Arguably, the most notable wealth management institutions are found in Geneva. The phrase â€œdeposited in a Swiss Bank accountâ€ has been effectively branded regardless of the actual institution. In the financial community, those who manage the assets of high net worth individuals (HNIs) operate with different strategies than financial advisors for traditional (average) investors. A wealthy investor often looks for two things when interviewing a prospective manager at a Geneva wealth management bank: track record and credentials.
General Categories of Wealth Managers
The wealthy hire advisors from a range of specialties. They do this in order to manage their retail banking, legal-financial concerns, taxes, estate planning, and long-term investments. Some examples are:
- Chartered Financial Consultants
- Certified Financial Planners
- Chartered Financial Analysts (USA)
- Chartered Strategic Wealth Professionals (Canada)
- Chartered Financial Planners (UK)
- MBAs and other credentialed professional money managers
General Categories of Advisors
It helps by starting with the major categories of financial advisors. They generally fall under the categories of Financial Planner, Wealth Manager, or Broker. In detail, these designations mean:
- Financial planner â€“ financial planners are held to a high fiduciary standard. They generally hold the CFP credential. Often, insurance providers will call themselves financial planners in order to generate business. True financial planners focus on developing a written financial plan that is executed elsewhere. They make their money through an hourly or project-based fee for the financial plan only. This helps keep them as an unbiased source of information.
- Wealth manager â€“ wealth managers are found in trust companies and at the Registered Investment Advisors. They work closely with clients and make portfolio adjustments as the market or client circumstances change. Although wealth managers are not biased towards a particular investment interest, they are not always highly motivated to pay close attention to portfolios, especially those that are smaller.
- Broker â€“ brokers are paid on commission and tend to focus on long term investments. They often favor particular investment types that bias their client offerings.
Understanding the Different Designations
An HNI who is surveying the industry would do well to start with a basic primer of the various types of credentials, which include the following:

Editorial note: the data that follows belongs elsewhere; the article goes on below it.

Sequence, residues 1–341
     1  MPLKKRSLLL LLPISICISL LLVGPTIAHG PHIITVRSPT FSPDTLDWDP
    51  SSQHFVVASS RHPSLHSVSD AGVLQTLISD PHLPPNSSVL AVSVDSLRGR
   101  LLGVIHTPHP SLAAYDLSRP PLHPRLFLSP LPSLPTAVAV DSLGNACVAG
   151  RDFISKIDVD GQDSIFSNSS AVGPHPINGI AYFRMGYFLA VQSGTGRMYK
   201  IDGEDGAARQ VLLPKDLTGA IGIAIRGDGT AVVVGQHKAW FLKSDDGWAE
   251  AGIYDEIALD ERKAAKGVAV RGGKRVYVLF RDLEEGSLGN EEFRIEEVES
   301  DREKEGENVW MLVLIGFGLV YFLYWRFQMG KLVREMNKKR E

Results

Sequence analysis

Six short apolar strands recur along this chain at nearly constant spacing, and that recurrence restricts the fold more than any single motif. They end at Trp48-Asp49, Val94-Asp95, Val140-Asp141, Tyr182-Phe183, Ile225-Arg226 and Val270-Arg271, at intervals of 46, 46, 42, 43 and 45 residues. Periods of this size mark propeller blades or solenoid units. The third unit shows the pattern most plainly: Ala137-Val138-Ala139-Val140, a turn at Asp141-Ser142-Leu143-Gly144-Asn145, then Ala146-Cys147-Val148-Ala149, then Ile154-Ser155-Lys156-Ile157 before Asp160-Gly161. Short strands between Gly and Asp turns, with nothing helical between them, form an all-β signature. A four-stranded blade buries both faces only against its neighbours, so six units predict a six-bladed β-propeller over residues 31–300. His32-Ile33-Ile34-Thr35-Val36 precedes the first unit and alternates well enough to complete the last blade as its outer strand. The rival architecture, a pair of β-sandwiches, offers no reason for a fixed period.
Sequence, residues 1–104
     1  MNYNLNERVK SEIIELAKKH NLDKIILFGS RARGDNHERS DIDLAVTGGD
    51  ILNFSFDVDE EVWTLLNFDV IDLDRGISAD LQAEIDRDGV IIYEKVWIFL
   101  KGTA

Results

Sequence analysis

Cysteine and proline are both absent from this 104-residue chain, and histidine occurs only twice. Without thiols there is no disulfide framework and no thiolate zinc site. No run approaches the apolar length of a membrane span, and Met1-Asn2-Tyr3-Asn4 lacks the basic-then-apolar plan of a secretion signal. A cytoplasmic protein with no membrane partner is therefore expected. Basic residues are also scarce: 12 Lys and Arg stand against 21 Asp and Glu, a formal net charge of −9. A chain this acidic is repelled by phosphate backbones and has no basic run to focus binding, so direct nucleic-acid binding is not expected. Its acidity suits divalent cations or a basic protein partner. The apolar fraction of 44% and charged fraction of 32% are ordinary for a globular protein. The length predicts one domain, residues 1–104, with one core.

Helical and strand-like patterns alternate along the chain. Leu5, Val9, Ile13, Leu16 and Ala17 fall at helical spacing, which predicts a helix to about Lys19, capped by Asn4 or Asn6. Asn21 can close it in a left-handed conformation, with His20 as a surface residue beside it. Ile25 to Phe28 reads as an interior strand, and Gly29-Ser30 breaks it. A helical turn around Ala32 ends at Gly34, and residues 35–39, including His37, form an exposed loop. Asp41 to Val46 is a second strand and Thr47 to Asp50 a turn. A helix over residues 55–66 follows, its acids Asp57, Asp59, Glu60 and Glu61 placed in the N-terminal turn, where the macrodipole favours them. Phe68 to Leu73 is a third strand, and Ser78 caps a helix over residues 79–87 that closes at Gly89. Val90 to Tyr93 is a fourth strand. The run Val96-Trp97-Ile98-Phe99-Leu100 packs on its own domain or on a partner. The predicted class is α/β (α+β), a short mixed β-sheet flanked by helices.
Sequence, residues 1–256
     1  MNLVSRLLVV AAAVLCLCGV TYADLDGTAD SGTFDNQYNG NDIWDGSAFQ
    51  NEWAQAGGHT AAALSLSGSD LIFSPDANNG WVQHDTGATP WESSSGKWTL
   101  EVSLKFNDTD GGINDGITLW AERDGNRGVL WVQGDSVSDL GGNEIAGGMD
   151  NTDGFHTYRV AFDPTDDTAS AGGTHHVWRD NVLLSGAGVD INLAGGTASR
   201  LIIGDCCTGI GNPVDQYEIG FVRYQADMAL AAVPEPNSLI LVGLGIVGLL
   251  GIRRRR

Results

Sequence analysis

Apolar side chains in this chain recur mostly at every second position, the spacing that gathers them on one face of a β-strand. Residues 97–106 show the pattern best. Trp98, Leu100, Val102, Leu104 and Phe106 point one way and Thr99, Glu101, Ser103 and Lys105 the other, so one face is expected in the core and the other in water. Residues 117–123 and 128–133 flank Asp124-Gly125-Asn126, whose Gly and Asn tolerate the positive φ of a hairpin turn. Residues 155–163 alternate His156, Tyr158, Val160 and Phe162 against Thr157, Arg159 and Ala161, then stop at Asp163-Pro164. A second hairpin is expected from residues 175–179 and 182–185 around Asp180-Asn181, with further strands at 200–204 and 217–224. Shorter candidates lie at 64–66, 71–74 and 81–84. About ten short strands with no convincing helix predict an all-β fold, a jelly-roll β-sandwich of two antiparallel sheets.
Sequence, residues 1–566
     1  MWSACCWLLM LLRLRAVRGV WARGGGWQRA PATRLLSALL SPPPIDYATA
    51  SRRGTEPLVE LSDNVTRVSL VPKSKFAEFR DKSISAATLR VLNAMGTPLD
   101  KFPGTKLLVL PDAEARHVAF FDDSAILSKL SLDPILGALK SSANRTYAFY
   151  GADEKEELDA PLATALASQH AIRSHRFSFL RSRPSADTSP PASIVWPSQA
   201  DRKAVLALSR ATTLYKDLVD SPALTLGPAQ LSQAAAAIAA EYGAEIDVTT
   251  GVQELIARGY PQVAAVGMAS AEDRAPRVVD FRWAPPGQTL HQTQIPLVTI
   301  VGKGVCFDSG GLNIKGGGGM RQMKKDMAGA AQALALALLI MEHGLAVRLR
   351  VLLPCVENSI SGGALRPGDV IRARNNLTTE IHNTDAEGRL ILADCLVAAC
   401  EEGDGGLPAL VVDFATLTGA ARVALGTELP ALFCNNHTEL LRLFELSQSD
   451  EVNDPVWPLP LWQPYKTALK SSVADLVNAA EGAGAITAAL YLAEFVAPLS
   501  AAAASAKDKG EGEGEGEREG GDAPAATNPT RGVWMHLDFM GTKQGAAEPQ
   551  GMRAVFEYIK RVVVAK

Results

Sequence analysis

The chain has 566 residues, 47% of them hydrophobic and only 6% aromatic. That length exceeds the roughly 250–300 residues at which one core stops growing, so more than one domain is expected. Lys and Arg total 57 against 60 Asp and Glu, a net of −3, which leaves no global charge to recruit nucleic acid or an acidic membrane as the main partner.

- Certified Investment Management Analyst (CIMA) â€“ these professionals work with both institutional and individual clients as investment managers, advisors, and consultants. They must pass a level one qualification exam and a level two certification exam to hold this credential. These tests focus on portfolio performance, risk measurement, and the consulting process itself. They also cover statistical analysis, applied global capital market history and asset valuation. Most CIMA certificants work for large brokerage firms. More than a third serves as independent broker dealers or independent financial advisors.
- Chartered Financial Analyst (CFA) â€“ the CFA institute awards this globally-recognized certification, which comprises portfolio and investment analysis skills. Certificants pass three sequential exams, which cover asset classes, wealth planning, portfolio management, and investment tools.
- Certified Financial Planner (CFP) â€“ this certification is the industry standard for those performing financial planning. They employ holistic techniques to help clients manage retirement, budgeting, and insurance. CFP testing includes qualification for tax planning, general financial planning, and asset protection planning.
- Other certifications, including Certified Private Wealth Advisor (CPWA), Chartered Financial Consultant (ChFC), and Certified Trust and Financial Officer (CTFA).
Understanding and comparing these credentials, in conjunction with examining performance records, puts an investor in the best position to make an informed decision concerning their Geneva wealth management bank.
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